Letter from Arthur Goodman, 1); edicts from govt offices, 2 and 3.
And appeasement of the illegal occupier has won. Cabinet Officer Hancock was warmly welcomed by PM Netanyahu at their first meeting last February (Screenshot)
Letter to Financial Times
February 19, 2016
Sir, The UK Cabinet Office is now allying itself with the Israeli government by trying to prevent local councils from taking ethical decisions to boycott products coming from Israeli settlements, or not to award contracts to companies that provide services to the settlements or to the Israeli occupation forces (“Cabinet embroiled in battle over Israeli goods boycott”, February 16). Those council decisions are part of the growing, worldwide Boycott, Divestment and Sanctions (BDS) Movement, which aims by peaceful means to apply pressure to Israel in order to persuade it to end the occupation of Palestinian land.
While some groups advocate boycotting all Israeli goods, our local councils quite properly accept the distinction between Israel itself, which is a legitimate state within the 1967 borders, and the Israeli settlements and Israeli economic activities in the Occupied Palestinian Territory (OPT), which are illegal in international law. That is also the policy of the churches and pension funds that have divested from companies that are active in the OPT.
Unfortunately, the Cabinet Office, in conflating all potential boycotts, does not appear to acknowledge this distinction. It is ignoring the published Foreign and Commonwealth Office advice, “Overseas Business Risk — the Occupied Palestinian Territories”, 14/7/2015, which pointedly says: “Settlements are illegal under international law . . . There are therefore clear risks related to economic and financial activities in the settlements, and we do not encourage or offer support to such activity.” Sixteen other EU member states have issued similar advice.
The Cabinet Office makes another error by trying to rely on the World Trade Organisation Government Procurement Agreement, which requires all potential suppliers to be treated equally. The agreement applies to states, not to occupied territories, and therefore it does not rule out the BDS policies of our local councils. That would account for the fact that no case has ever been brought against a council in these matters.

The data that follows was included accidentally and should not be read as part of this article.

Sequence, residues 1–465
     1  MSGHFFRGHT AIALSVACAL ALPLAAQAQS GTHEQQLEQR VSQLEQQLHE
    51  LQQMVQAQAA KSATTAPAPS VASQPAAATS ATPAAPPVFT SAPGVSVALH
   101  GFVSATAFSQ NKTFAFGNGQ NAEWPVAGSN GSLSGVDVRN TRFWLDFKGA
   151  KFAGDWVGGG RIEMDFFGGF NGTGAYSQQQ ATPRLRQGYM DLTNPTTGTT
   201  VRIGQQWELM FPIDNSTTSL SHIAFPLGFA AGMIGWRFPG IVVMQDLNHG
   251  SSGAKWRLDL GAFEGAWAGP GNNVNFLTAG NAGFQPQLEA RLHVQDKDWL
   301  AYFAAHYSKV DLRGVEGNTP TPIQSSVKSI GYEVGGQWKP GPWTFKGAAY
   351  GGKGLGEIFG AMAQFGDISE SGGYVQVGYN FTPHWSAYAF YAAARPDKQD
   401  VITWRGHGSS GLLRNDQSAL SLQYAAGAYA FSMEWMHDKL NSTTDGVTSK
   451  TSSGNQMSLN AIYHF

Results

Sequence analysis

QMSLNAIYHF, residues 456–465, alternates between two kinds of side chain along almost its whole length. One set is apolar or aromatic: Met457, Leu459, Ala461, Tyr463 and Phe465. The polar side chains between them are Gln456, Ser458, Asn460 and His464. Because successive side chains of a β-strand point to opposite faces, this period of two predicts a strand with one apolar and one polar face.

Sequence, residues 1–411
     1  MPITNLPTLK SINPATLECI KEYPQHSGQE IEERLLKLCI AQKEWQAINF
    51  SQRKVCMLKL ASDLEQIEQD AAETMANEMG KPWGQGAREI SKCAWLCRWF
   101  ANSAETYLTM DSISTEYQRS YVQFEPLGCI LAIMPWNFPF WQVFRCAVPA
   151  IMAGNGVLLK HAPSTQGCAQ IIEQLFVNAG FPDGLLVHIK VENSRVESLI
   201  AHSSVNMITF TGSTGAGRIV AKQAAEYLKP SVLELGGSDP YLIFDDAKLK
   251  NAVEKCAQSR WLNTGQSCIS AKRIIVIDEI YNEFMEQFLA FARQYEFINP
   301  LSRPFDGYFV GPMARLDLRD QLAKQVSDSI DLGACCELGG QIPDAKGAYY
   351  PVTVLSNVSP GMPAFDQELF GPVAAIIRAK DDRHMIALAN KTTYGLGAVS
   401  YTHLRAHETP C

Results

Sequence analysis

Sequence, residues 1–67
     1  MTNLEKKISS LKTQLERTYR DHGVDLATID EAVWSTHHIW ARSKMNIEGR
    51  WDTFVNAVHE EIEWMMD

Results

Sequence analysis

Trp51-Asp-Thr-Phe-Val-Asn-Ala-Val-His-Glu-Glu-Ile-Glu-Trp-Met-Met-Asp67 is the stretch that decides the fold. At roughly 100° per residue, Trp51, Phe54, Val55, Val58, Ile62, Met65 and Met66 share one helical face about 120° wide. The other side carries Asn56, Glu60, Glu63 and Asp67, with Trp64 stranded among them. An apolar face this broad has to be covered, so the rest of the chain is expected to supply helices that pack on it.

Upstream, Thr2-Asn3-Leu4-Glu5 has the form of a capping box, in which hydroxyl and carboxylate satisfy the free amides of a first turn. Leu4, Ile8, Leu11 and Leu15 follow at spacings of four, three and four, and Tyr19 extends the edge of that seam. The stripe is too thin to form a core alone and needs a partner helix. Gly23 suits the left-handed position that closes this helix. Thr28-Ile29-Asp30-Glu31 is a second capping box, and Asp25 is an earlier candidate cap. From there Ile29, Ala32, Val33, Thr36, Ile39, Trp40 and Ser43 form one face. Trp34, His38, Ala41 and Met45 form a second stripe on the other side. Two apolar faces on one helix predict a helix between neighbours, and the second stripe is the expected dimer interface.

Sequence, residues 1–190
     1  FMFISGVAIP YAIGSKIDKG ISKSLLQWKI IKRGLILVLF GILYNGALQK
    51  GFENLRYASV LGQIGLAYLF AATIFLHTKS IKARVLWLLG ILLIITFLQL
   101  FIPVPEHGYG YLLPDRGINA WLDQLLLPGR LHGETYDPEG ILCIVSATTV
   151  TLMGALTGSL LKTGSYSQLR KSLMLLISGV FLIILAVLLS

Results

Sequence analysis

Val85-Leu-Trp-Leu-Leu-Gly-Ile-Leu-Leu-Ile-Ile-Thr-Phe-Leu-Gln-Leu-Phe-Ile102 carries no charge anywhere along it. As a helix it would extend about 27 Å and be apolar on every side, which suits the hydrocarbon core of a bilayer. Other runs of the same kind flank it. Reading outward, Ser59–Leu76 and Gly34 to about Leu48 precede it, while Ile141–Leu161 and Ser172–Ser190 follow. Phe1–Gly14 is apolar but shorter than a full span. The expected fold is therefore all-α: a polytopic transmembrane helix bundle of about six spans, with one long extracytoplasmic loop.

Instead of trying to create its own foreign policy in opposition to the FCO, the Cabinet Office should welcome local authorities’ principled application of BDS.
Parliamentary and Diplomatic Liaison Officer,
Jews for Justice for Palestinians,
Leaving young Matt properly deferential at their meeting in Israel this week. Screenshot Youtube.
From:Cabinet Office, The Rt Hon Matt Hancock MP and Crown Commercial Service First published:17 February 2016
Part of:Exports and inward investment and Government buying
The government has published new guidance that aims to stop inappropriate procurement boycotts by public authorities.
Guidance published today makes clear that procurement boycotts by public authorities are inappropriate, outside where formal legal sanctions, embargoes and restrictions have been put in place by the government.
Town hall boycotts undermine good community relations, poisoning and polarising debate, weakening integration and fuelling anti-Semitism.
Locally imposed boycotts can roll back integration as well as hinder Britain’s export trade and harm international relationship.
All contracting authorities will be impacted by this new guidance including central government, executive agencies, non-departmental public bodies, the wider public sector, local authorities and NHS bodies. Any public body found to be in breach of the regulations could be subject to severe penalties.
The World Trade Organisation Government Procurement Agreement – an international market access agreement – requires all those countries that have signed up to the Agreement to treat suppliers equally. This includes the EU and Israel. Any discrimination against Israeli suppliers involving procurements would therefore be in breach of the Agreement.
The guidance published today complements existing government guidance about trading or investing overseas (including with Israel), where we advise UK businesses to consider any potential legal and economic risks of doing so. It is also in line with the government’s existing policy of support for clear and transparent labelling of settlement products to ensure that individual consumers are able to make informed choices before they buy.
Cabinet Office Minister, Matthew Hancock said:
We need to challenge and prevent these divisive town hall boycotts. The new guidance on procurement combined with changes we are making to how pension pots can be invested will help prevent damaging and counter-productive local foreign policies undermining our national security.
We support UK local authorities, businesses and individual consumers alike in making informed choices about how they procure services and products from overseas.
Information Note., 01/16
Crown Commercial Service
7. Public procurement should never be used as a tool to boycott tenders from suppliers based in other countries, except where formal legal sanctions, embargoes and restrictions have been put in place by the UK Government.
There are wider national and international consequences from imposing such local level boycotts.
They can damage integration and community cohesion within the United Kingdom, hinder Britain’s export trade, and harm foreign relations to the detriment of Britain’s economic and international security.
As highlighted earlier, it can also be unlawful and lead to severe penalties against the contracting authority and the Government.